Bacterial viruses found to interact with human cells, study finds
International research co-authored by a Monash biologist has shown for the first time that bacterial viruses (bacteriophages) directly interact with the cells of the human body.
The findings published in the journal mBio show that human cells transport bacteriophages into and throughout our body.
Bacteriophage (or phage for short) are the most abundant and diverse microbes found in the body. Phages control and manipulate bacterial populations, prevent infection and disease and have important roles in regulating the microbiome and body that have not yet been fully elucidated.
"We have known for a long time that phages are present in the blood and organs of the body," said the study's senior author, Dr Jeremy Barr from the Monash School of Biological Sciences. "But no one has known exactly how these phages get into these regions of the body," he said.
"Our work shows that human cells transport phages across the cellular barriers that line the gut, thereby allowing them access to the blood and organs of the body."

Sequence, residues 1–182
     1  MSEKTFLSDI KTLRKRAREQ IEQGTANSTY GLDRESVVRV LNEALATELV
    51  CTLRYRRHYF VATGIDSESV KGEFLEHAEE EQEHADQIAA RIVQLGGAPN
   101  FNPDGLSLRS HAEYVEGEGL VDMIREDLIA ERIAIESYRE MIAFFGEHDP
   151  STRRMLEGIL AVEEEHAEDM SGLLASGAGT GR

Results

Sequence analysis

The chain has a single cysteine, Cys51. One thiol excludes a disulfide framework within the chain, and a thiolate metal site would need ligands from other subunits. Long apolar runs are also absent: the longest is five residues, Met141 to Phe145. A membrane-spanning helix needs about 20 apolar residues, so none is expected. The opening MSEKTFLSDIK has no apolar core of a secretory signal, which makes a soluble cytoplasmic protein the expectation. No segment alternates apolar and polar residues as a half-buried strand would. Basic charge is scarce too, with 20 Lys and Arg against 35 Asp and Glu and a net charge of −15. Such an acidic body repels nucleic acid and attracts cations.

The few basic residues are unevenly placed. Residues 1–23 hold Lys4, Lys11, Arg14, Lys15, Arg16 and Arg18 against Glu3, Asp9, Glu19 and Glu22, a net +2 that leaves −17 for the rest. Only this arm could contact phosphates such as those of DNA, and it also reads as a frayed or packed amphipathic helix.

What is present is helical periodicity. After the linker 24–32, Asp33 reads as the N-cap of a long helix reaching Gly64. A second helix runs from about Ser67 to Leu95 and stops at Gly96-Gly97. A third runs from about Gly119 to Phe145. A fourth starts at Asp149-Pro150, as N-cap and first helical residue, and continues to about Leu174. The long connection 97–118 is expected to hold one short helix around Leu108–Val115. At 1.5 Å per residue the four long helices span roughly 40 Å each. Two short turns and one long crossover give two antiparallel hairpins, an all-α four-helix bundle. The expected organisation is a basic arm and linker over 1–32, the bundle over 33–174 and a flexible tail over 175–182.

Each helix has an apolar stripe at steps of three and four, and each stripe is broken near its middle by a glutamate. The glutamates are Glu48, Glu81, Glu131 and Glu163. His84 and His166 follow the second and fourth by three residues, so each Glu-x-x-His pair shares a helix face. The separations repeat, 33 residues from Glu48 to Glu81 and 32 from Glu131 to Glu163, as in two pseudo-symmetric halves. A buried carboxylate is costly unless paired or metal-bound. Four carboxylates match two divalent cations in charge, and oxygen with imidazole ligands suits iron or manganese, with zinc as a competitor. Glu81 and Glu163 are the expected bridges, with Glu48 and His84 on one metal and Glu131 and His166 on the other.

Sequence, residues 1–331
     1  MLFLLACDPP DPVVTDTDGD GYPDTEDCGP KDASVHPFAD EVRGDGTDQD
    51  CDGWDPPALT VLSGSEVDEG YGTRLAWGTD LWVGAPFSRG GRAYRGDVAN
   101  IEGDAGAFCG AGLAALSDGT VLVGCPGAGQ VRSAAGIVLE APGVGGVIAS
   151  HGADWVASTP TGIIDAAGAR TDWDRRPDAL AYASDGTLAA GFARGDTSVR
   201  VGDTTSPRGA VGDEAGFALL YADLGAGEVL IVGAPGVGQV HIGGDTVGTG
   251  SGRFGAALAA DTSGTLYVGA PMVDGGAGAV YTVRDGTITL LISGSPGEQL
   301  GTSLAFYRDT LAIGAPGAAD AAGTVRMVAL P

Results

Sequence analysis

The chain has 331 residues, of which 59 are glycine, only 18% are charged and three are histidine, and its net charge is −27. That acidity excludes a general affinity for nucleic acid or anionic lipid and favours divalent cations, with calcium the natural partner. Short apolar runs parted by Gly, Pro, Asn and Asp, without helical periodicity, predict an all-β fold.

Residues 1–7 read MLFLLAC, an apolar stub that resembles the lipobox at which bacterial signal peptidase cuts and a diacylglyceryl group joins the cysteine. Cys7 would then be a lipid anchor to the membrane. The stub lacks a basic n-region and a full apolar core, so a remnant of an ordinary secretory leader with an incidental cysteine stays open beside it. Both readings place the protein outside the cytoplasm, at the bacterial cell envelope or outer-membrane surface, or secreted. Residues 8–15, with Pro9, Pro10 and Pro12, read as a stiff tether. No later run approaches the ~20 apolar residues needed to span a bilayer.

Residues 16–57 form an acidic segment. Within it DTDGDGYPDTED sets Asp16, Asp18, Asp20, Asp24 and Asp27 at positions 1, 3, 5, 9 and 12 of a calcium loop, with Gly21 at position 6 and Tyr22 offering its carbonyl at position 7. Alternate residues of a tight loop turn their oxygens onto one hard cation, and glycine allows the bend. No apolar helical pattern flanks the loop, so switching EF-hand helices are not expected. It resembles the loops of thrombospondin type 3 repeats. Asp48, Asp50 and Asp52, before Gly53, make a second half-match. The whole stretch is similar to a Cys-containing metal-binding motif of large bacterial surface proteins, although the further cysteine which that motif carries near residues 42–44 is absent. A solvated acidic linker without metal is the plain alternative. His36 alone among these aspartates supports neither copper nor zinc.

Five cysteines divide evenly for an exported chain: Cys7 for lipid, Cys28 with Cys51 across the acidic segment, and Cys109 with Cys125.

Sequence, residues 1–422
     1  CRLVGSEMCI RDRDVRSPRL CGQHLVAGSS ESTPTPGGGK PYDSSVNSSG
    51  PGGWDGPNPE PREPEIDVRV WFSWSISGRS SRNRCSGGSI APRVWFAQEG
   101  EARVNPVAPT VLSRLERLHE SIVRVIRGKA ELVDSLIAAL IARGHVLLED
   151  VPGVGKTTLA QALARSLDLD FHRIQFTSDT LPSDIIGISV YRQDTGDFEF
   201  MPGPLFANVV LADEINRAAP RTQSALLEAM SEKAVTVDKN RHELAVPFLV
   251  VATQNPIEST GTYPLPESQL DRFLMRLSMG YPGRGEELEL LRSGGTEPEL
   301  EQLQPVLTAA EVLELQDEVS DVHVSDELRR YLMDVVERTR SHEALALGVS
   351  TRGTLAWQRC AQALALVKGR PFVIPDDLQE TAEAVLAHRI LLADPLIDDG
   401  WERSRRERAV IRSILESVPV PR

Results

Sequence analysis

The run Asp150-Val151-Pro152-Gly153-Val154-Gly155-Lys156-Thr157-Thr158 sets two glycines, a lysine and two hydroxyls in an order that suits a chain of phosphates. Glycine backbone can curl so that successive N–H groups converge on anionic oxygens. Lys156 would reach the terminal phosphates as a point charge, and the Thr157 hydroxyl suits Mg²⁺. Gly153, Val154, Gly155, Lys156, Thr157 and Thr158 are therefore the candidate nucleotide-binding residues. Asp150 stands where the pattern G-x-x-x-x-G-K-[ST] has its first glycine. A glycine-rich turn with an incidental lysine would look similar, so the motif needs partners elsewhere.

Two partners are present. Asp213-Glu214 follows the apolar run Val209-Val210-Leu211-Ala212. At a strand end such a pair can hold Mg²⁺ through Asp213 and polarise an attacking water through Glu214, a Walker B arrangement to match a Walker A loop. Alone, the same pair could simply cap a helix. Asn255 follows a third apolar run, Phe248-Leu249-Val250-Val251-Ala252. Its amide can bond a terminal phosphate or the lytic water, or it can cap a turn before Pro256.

"This is a general and prevalent mechanism and based on our results we estimate the average human body transports 30 billion phage particles from the gut into the body every day."
The researchers found that phages were even capable of bypassing cells isolated from the brain - the blood-brain barrier forms one of the strictest biological barriers in the body, with many drugs and small molecules being incapable of bypassing this barrier.
"The fact that phages (which are foreign virus particles) are capable of freely crossing this blood-brain barrier is nothing short of remarkable," Dr Barr said.
"What the phages are doing inside the cells, organs and systems of our bodies is a major follow-up question."
The study suggests that phages could be manipulating the body in diverse and unexplored ways.
"Our study is significant because we show that bacterial viruses (bacteriophages) directly interact with the cells of the human body - something that had previously thought not to occur."
The researchers used in vitro studies to demonstrate the rapid and directional travel of diverse bacteriophages across cells in the gut, lung, liver, kidney, and brain.